May 22 - 23, 2012
Remember how getting to Tanzania was terrible? Yeah, getting back to Germany was much worse.
Our last night in Stone Town we ended up in a hotel that was undergoing renovation and as a result, we couldn't get a room with air conditioning. The overwhelming heat prevented us from sleeping and I actually got up several times in the middle of the night to throw water on my face. At 6 in the morning we speedily ate a hard-boiled egg and some coffee and rushed to the ferry back to Dar.
I should have suspected something when the man started walking around handing out black bags labelled "sick bags", but Kira and I have both spent significant time on boats and figured we'd be fine. Hah. Hahahahahahahahahahahahahahahaha. Turns out when you take the ferry to Zanzibar you're going with the current but when you come back, you're going against the current. Those in the know (and who can afford it) take the boat in and then fly back. Two hours of nonstop roller-coaster like activity and everyone was sick. EVERYONE. 30 minutes in I went out on the deck and sat on the ground by the railings, trying to keep an eye on the horizon while Kira put her super-heavy-duty headphones on so she couldn't hear everyone getting sick around her. One woman on the deck would periodically make these inhuman, wild cat roar-like noises while grown men would make these queasy smiley faces right before pulling their black bags closer. It was a nightmare scene out of a movie.
Although neither of us got sick, but I felt like I was on a rocking boat for two days afterwards and our Dar colleagues kept commenting on the white pallor of our skin. Even thinking about it now makes me pale. When we arrived in Dar we went directly to our office there where we had to finalize some things before flying home that night. After spending the day there, we drove to the airport and got on the first leg of our overnight flight back.
The flight to Ethiopia went fine, but then the flight to Frankfurt was delayed. When we finally boarded, Kira was upgraded to business. When I asked the steward, "what about her travel partner?" He was like, "maybe you can pay five dollars and come for a visit later" and then open his mouth to expel this evil sinister laugh. I was SO CLOSE to punching him the face. Ok not really, but I definitely had a moment where I imagined what that would be like. He knew this flight was a stressful situation for everyone and to make such a joke was beyond cruel.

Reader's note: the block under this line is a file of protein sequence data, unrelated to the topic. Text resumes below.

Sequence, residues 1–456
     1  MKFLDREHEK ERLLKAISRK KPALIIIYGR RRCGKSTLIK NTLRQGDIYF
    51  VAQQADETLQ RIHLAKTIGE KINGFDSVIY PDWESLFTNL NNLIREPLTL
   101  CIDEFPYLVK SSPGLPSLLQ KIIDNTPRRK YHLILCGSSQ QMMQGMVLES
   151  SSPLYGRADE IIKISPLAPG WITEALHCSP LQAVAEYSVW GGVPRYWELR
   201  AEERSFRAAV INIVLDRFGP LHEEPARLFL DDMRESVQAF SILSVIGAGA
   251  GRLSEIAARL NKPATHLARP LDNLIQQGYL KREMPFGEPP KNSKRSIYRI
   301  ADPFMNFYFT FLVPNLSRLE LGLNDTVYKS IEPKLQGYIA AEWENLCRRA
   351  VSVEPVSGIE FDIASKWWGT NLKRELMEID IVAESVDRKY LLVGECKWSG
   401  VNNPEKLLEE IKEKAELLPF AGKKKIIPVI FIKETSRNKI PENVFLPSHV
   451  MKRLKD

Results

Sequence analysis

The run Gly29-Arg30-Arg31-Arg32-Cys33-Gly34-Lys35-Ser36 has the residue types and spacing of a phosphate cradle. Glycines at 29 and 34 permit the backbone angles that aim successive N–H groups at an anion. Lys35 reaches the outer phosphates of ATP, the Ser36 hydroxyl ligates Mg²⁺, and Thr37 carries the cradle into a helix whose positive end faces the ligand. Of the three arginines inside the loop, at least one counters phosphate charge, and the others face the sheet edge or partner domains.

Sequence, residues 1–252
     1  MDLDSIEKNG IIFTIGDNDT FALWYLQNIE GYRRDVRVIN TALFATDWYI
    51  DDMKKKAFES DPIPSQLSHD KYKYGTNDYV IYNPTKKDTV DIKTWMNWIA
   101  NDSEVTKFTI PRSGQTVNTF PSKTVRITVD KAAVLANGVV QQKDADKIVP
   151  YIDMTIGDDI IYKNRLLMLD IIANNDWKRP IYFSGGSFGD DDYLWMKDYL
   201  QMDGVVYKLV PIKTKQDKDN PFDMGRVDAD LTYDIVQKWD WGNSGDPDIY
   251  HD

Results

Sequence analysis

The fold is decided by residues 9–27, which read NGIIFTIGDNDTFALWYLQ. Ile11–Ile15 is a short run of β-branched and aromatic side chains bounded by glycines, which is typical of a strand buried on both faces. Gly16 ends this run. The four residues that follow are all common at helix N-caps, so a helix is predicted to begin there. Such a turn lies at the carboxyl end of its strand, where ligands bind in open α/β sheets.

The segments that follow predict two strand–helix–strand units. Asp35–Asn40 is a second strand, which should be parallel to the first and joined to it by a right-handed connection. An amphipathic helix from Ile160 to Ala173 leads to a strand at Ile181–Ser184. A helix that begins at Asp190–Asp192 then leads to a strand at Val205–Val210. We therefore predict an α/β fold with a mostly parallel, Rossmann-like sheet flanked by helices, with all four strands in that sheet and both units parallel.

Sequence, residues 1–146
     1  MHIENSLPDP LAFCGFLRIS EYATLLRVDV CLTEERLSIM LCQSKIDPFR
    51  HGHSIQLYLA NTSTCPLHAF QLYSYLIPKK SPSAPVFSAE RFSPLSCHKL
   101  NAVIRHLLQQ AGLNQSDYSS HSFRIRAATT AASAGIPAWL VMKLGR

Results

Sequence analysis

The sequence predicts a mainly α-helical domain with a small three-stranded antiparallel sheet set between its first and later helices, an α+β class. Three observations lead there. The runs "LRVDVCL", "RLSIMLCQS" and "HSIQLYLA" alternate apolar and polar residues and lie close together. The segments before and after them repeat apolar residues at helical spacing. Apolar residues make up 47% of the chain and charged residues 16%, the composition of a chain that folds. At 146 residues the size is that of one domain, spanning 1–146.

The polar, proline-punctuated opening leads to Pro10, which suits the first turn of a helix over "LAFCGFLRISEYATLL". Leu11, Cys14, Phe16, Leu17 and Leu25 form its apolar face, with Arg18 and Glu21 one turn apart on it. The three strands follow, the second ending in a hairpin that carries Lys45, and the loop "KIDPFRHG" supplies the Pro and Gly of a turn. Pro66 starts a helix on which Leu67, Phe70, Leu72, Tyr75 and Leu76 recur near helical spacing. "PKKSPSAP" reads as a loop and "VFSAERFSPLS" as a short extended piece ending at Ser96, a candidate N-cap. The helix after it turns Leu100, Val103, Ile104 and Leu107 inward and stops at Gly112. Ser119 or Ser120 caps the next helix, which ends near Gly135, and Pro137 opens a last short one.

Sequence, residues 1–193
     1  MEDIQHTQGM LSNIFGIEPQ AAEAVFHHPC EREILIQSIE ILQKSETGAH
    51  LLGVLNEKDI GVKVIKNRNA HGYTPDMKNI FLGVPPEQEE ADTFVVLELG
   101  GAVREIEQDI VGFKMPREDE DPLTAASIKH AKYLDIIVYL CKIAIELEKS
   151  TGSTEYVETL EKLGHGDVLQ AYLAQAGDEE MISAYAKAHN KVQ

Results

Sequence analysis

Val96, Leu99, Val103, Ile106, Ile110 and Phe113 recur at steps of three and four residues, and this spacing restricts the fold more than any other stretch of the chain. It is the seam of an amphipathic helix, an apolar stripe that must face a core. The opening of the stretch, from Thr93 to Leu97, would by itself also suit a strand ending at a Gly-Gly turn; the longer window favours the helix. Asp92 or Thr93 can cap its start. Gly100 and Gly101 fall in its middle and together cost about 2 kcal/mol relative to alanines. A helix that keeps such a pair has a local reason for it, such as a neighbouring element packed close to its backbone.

In a twist of miserable fate I ended up in a row with a mother and her four kids who spoke no English or German and were behaving like wild banshees. Turns out that several flights on this route had been cancelled in the past few days on account of storms and several people had been stranded, resulting in an overbooked flight and Kira's upgrade. I wouldn't have minded, but a lack of sleep was making me slightly crazy. Halfway through the flight we made a stopover in Sudan, where we then proceeded to be delayed by a sandstorm. A sandstorm. My first time in a sandstorm was on a rocking plane filled with wailing children and snarky flight attendants.
To add to the misery, every time something happened, the pilot would come on and in this monotonous voice (think Office Space) would start to explain in great detail what was going on: "As you folks can see, there is a sand storm. I don't know about sand storms, but obviously we can't fly right now. I talked to the folks from the airport. They know about sand storms. They said it'll probably be over in 15 minutes. Then if we can see, we should take off. After the flights before us. There are some flights ahead of us in line, so they'll take off first. Some sand might come through the air ventilation. Don't freak out. That happens sometimes. We don't think it will happen this time, but it could. If it does, please don't freak out..." on and on and on. Then again in German. On top of that, I sat next to man who kept sending wild hand signals to his wife who was sitting a few rows ahead of us, as if she couldn't understand what was going on, even though she clearly could. I didn't sleep the entire night and when we finally made it to Frankfurt at 7am, I was completely trashed. Kira, having slept in business class, asked me how my night was and I just teared up.
I walked out of the airport and to the bus home, which had just arrived. As the driver got out I asked in German if I could sit inside while he took his break. He thought I was German (he was of Turkish descent) and in a very condescending and rude manner said, "Noooooo. No, I need break. SMOKE? I need a smoke!" Then I just snapped and responded in Turkish, "Understood! I just wanted to know if I could sit inside while you did that!" and then teared up and stalked away. I think I scared him because he came back early and said, "look, look, I'm here. Do you need help with your bags? I'm so sorry, I thought you were German." Like being German made his behavior ok?! I'm exhausted, who cares if I'm German, Turkish, or from Mars? Either do something nice for someone or politely tell them you can't. No need for the attitude.
Lesson learned? Next time I have long trips, I'm traveling during the day. In retrospect, the whole situation was like a national lampoon comedy, but because I was so tired the only laughter I was capable of was maniacal, on-the-edge cackling. At least with day travel, I'll have a chance of normal sleep between my flights and can avoid the borderline crazy. The other lesson is, I am never going to assume I've just had the worst travel experience possible because as I learned only a few weeks later, it can always get worse.